Theme: Landmarks, Walking, Religious, History, Architecture, Culture/Tradition
City of David, Jerusalem
HaKotel Street, Jerusalem
Tif'eret Israel St, Jerusalem
Ha-Yehudim St, Jerusalem
This will be an action packed indeed! We'll start our day at the City of David where you'll see where it all began. You'll go back 3000 years in time and see actual remains of the First Temple period that is the time period between the moment King David conquered the city in 1004 BCE and the destruction of the First Temple by the Babylonians in 586 BCE. This is one of these wow! moments when archaeology confirms the biblical narrative. You'll see a short film in 3D explaining the history of the City of David, we'll go to a viewpoint where its geolocalization becomes clear and then we'll make our way through the ancient Canaanite tunnel dug hundreds of years before King David in order for the waters to flow from the nearby Gihon spring to the Siloam pool south of the city. Oooh!!
A short shuttle ride will take us back to Dung Gate where we'll enter the Old City and you'll get your first-hand experience of the Western Wall. The Wailing Wall as it is also called is the last vestige of the retaining walls of the Temple Mount built by King Herod to support his monumental project of making the Second Temple the most beautiful site the world had ever witnessed. The Temple Mount was about 450 meters long, nearly 280 meters wide, 144 000m2. It was almost entirely destroyed by the Romans in 70 CE and this little bit of retaining wall is all there is left. This will be an opportunity for you to place your prayer in the cracks between the stones. You don't want to miss being able to have direct contact with the Almighty!!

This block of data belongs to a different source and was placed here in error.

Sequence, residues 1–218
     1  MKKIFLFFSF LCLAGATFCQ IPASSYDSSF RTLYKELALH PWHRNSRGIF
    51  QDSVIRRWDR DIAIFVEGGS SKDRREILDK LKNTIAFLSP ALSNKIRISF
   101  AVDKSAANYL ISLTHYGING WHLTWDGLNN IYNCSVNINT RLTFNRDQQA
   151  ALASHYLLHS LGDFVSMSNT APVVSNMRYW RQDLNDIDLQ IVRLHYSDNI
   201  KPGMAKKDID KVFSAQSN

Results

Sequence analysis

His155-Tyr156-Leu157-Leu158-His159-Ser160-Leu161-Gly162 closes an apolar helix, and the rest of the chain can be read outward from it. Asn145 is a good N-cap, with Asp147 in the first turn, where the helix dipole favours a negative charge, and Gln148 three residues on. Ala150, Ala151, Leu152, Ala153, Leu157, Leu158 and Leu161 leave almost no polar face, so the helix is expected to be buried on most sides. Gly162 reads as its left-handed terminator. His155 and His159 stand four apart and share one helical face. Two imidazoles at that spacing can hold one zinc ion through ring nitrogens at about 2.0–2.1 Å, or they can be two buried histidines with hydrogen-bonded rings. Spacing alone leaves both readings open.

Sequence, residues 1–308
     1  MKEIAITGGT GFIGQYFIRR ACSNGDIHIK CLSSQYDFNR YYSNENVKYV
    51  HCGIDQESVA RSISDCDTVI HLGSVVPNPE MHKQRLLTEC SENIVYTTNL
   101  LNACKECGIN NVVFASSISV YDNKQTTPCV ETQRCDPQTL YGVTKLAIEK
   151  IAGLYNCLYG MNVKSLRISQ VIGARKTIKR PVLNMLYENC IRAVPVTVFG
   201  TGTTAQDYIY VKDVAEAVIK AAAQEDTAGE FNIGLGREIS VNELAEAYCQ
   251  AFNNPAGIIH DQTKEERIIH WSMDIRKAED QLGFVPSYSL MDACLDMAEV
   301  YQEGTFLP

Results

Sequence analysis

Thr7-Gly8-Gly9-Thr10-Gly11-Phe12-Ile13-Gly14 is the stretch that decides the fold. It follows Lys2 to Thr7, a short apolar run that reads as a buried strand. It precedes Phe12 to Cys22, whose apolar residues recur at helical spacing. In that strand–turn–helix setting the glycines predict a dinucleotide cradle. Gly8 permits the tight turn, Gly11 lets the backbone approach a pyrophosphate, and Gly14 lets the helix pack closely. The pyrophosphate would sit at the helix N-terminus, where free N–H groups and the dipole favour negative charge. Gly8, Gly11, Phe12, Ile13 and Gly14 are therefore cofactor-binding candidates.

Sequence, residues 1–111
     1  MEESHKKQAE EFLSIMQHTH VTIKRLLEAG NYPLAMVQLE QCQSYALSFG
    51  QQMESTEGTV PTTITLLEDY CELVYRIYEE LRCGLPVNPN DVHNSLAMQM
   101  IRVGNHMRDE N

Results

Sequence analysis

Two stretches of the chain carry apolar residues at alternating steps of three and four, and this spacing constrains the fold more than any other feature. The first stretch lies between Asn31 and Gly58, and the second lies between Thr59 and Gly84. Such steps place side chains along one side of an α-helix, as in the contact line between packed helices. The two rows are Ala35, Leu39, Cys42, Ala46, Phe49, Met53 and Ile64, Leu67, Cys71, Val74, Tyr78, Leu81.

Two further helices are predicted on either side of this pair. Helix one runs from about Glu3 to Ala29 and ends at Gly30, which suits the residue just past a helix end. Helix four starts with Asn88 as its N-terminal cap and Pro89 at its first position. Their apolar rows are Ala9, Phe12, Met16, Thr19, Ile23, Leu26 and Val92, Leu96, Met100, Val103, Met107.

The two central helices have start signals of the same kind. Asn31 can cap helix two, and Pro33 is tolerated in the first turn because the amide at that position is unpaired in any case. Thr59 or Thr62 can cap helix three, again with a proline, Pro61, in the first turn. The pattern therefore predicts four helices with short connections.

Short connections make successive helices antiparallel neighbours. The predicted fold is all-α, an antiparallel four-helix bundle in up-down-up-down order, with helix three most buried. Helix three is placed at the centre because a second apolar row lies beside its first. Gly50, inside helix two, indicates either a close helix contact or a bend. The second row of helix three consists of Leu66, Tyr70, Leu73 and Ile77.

Let's make our way back up to the Jewish Quarter where we'll visit two museums, the Cardo (the main north-south thoroughfare during Roman/Byzantine times) where you'll have time for some quality shopping, discuss the history of the Jewish Quarter during the War of Independence of 1948 and finish our day at the most outstanding view of the Western Wall at Aish HaTorah where you will also have the opportunity to see a model of what the Temple actually looked like according to the descriptions of Josephus Flavius, the Jewish-Roman historian as well as in the Mishnah.
The result of the 1948 War of Independence was that the Jordanian army took over the Jewish Quarter. They destroyed it, tearing to the ground nearly 50 synagogues. In 1967, during the 6-day war, Israel won back the Jewish Quarter after very intense fighting. In terms of its archaeological history, this was a blessing in disguise. While reconstruction was on the way, the Israel Antiquity Authorities kept falling on remains of ancient occupation and most significantly, remains of the city prior to the destruction by the Romans in 70 CE as mentioned above. We will visit the "Burnt House", the house of the Katros family, undoubtedly the family of a high priest due to the presence of several "mikvaot" or ritual baths in the basement of the house and its proximity to the Temple itself. A short film will explain to you what happened exactly on that fateful day of 70 CE, on the 9th of Av. We will then continue on to the Wohl Archaeological Museum or Herodian Quarter where you will see how the affluent lived at the time of the Second Temple.
We will then check out the restored Hurva Synagogue with its unique history followed by the Four Sephardic Synagogues, each with their own history and lore. We'll exit the Jewish Quarter via Zion Gate in order to get a glimpse of the first Jewish neighborhood outside the walls of the Old City namely Mishkenot Sha'ananim and walk back to our starting point of the day, Jaffa Gate.
There may be little additional "surprises" on the way, time permitting, but don't worry....I promise, we will stop for lunch!
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